The National Theater of Variety
While now-a-days when you come to Blackpool you get the impression that Blackpool's popularity as seaside report dwindles from year to year it for many years' was one of the most popular seaside resorts. The upsurge began when in the 1840s a railway connection to the industrial towns in the North of England was build. The number of inhabitants grew. Piers were constructed and more and more entertainment was offered. Even before the Winter Gardens were build both the Grand Theatre and the Blackpool Tower were opened in 1894. The Grand Theatre was the first fully electrified theatre in England. Deigned and built was the Grand - as it is called as well - by Frank Matcham a Victorian theatre architect who beside the Grand built many more theatres all over the UK. The first one was the Elephant and Castle Theatre in London. Matcham had no real qualification as an architect but all learned by practical work.
Together with two colleagues he had coached himself he built more then 200 theatres and vaudevilles among the London Coliseum and the opera house in Belfast. Not all his theatres survived but the Grand Theatre of Blackpool stayed a theatre till today. Matchham was especially successful because the first to use steel cantilevers instead of pillars so that the sight was much better and more people could filled in the theatres. The theatre manager of Blackpool had asked Matcham to build "the prettiest theatre in the country". In the 1930's the cinemas started to be a strong competition for the theatres and the Grand was used as a cinema outside the summer season. In the 1960s the rivalry of the TV could be felt so at the start of the 1970's one even thought about demolishing the Grand but by now it was a listed building and couldn't be done. For some years it stood empty before it served three years as a bingo hall before a group of private people supported by the borough of Blackpool bought it back. 1981 the theatre was reopened after some renovating. Over the 1990s more renovation was needed, often executed by volunteers from the Friends of the Grand who support the theatre till today. 2006 the Grand was nominated United Kingdom's National Theatre of Variety.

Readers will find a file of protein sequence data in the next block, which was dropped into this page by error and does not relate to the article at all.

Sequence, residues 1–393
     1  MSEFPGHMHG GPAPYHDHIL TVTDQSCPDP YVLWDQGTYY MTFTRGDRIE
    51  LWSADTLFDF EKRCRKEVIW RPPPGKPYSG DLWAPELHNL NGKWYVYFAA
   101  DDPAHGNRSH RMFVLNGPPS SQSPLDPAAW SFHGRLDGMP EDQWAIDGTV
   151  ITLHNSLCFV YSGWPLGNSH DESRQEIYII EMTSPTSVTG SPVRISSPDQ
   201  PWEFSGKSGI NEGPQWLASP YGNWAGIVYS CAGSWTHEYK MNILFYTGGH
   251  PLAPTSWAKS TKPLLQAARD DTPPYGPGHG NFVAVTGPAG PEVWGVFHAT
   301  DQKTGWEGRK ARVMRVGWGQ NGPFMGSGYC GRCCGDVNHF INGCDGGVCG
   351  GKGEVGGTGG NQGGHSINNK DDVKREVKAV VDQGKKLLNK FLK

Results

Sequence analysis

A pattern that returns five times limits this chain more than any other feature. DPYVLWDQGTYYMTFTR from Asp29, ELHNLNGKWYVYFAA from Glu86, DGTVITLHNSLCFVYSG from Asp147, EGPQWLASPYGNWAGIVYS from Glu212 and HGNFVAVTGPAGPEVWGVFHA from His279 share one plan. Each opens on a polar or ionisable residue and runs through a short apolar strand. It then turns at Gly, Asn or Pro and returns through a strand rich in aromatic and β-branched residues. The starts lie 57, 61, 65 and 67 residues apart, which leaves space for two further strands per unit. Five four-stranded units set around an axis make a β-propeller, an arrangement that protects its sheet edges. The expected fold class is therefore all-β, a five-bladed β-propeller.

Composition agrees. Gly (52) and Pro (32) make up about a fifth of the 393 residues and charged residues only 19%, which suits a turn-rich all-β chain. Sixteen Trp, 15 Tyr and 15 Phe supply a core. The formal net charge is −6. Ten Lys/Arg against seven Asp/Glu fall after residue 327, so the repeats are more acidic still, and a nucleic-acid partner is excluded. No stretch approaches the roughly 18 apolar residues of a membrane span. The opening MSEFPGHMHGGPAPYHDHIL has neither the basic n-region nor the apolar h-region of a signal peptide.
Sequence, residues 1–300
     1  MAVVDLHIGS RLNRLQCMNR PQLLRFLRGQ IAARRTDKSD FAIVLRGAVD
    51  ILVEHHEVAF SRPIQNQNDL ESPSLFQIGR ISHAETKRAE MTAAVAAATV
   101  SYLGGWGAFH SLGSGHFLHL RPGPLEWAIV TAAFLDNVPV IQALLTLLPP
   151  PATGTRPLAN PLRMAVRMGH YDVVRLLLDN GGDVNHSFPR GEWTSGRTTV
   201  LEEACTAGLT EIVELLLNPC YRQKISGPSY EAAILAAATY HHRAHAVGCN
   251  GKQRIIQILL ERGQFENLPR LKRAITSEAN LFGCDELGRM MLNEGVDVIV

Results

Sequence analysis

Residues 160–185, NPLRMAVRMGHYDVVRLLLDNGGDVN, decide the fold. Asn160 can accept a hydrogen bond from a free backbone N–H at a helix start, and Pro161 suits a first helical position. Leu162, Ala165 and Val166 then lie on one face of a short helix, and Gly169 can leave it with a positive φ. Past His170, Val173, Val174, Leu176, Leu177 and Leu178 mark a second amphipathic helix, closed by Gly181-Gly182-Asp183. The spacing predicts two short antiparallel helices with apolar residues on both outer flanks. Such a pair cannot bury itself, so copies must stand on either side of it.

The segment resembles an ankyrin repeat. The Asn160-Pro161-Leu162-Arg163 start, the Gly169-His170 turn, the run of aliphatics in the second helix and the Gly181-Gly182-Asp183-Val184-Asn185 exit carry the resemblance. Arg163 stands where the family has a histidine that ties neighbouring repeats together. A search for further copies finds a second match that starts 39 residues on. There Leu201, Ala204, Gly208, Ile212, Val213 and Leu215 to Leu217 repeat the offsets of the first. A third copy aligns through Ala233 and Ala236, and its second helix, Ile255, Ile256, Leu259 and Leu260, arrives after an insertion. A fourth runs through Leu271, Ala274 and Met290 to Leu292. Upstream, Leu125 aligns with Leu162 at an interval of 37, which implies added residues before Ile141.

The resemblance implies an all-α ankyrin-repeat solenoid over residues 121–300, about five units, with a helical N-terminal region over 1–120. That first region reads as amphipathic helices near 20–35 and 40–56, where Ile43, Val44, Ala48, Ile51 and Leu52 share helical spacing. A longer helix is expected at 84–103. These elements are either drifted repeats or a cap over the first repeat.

But back to some other kind of entertainment - the last evening of the first round. At this evening finally the reigning champion started his campaign and so the Empress Ballroom was quite full though probably not sold out...
First on was an all Australian match between Simon Whitlock and Kyle Anderson, who last month had stood on stage together as well but as Team Australia during the PDC
World Cup. They lost in the second round to Russia. Here now in the first round of the World Matchplay Simon Whitlock was the better player though one can't really explain it as Kyle Anderson had the slightly better average, threw more 180s and the hitting quote for the doubles for both players was almost the same. But Whitlock won 10:5 - sometimes to be sure darts is a strange game.
Than we had Adrian Lewis on stage who due to surgery to a nerve in the lower back did more or less play no darts over the last month. He nevertheless won against Steve Beaton who was not in the impressive form he had been last year in the World Matchplay. We'll see what will happen to Lewis who was not one of the bookmaker's favourites to win the tournament.
And after that - finally - the venue went all green when van Gerwen walked on stage to meet Stephen Bunting. I am almost sure Bunting had not been happy when the draw was announced. Unlucky Bunting didn't play one of the great matches he showed recently and experienced a lot of double trouble. Van Gerwen seemed to be totally relaxed, played well but threw a few sloppy darts as well. But I suppose it was not too easy for him to stay focused playing such an almost awed and nervous opponent as Bunting was on the day. To be sure it was not a tough match for the Dutchman.
In the last match of the first round with Rob Cross the high-flyer among the debutants stood at the oche. At the beginning he looked nervous and not totally focussed but he soon found a way into the match and Ian White was in trouble. He didn't play bad himself but somehow not really ignited and in the end lost 7:10 to Cross.
In the first round seven of the seeded players were eliminated from the tournament - almost the half - and under the unseeded players reaching the second round are three debutants though I don't feel debutant I can such an experienced player as Steve West call a debutant.. Really impressive were the performances of Cristo Reyes and Rob Cross who have not much experience with major tournaments. Reyes and Gary Anderson are so far the only players who played an average over 100, van Gerwen came close. So you can't say the tournament was high class till now but the first round was interesting and we did see some thrilling matches and a few upsets. Out of the favourites till now only Peter Wright disappointed and he has to improve a lot should he want to have a chance.